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14 December 2017

Notes On Getting Dressed



Get up, get dressed.

These simple words are, for me, a saving grace. Get dressed. It’s a process we take for granted every day, seen often as a necessity and not a gift. It’s a ritual repeated and repeated by billions of people every morning, unquestioningly and quietly. It’s often the first, second or maybe third thing we do in a day and it marks the beginning of something. We place our old worn out clothes in the laundry basket, we put on something fresh and we leave our homes. It’s nothing new, and by god it’s not revolutionary, but it’s quietly nurturing.

I've always loved clothes. There is something nice about looking at well dressed people; a sense of skill that we rarely appreciate openly in everyday life but that always brings a kind of calm, a feeling that I can only describe as akin to when certain shapes fit perfectly in other shapes. Perhaps that doesn’t make much sense, but there is a whole Tumblr devoted to that very feeling. I spent hours of my childhood on those websites where you could dress up cartoons of famous women, decking them in clothes I so badly wanted to have myself. I started this fashion blog when I had just turned thirteen, trawling Vogue and Elle for designer collections and sharing my progressively less embarrassing outfits to the world wide web, and eventually my opinions too.

Much like physics, what goes up must come back down again and like most young people, my interests changed. I went to university and quietly retired from fashion blogging for the majority of my university career. I stopped spending devoted time getting dressed because when I wasn’t hung-over, I was late. I slipped easily into a uniform of dungarees, oversized denim jackets and beaten up Nike’s– far from the sharp minimalism I’d been drawn towards the year before. I needed things to be practical, and I enjoyed blending into the university scene; looking slightly beaten up and less sharp felt natural. The free time I’d had before university was now spent on my degree, friends and napping in equal parts. I was by all standards a philosophy student cliché, but a happy one. I still liked clothes (my bank account can attest to that fact), but I didn't enjoy the process of getting ready like I used to. It was just another thing to do in the day.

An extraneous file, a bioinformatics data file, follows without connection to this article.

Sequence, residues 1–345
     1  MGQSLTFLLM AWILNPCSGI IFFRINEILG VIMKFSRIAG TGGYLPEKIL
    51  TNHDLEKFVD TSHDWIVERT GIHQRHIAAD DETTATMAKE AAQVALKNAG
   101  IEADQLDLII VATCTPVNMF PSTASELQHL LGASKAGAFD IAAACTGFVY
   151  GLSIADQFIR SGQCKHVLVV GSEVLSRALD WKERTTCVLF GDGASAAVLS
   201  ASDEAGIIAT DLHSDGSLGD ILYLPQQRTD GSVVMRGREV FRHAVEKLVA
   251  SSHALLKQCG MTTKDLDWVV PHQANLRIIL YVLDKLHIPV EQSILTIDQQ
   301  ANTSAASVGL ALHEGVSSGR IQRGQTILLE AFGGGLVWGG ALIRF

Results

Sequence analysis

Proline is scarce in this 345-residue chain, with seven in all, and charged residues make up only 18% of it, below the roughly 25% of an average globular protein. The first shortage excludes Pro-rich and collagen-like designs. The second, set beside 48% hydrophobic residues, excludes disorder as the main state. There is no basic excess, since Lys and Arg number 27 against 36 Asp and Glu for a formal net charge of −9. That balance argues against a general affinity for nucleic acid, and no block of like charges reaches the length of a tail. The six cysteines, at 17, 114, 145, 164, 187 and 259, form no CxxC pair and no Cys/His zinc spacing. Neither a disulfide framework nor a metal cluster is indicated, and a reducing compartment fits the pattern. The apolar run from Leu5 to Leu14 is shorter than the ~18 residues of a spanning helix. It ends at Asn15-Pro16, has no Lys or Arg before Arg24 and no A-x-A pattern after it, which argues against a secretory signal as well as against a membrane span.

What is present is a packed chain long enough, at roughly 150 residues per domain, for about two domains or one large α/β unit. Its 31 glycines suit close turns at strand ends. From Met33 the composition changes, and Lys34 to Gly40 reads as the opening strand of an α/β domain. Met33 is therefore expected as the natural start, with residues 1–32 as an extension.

In the December of my final year, my mother was admitted to hospital and put into an induced coma. The strange flu she’d had for the last two days turned out to be a severe case of bacterial meningitis, which wouldn’t be diagnosed until she’d survived a 10-day coma, and a subsequent week of testing. My mother made it through, but the cost was profound deafness, the inability to move below her neck and all of the emotional tolls you could expect to follow that. 

I can’t comprehend what it feels like to be left parentless, but I resonate with something closer than I’d like to be able to. It reduced the smart, rational twenty-year-old woman I thought I was to a mess of indecision, incoherency and emptiness. Questions over her survival soon turned to questions of communication. No one in my family was deaf; sign language can take up to two years to become sufficient in and until then exchanges with my mother would be via a whiteboard, slick with old half erased messages cataloguing a mix of doctor’s notes. My brothers and I telling her it would be okay when in reality, we had no idea. We were children, despite all being in our twenties. 

The temptation to exist on hospital wards as my half self was overwhelming; sweatpants, trainers, my body exhausted and crooked from sleeping on waiting room chairs. Waiting for some news, any news – good or bad, but most often just medical words that felt like a foreign language, in whatever item had been picked up off the floor that morning.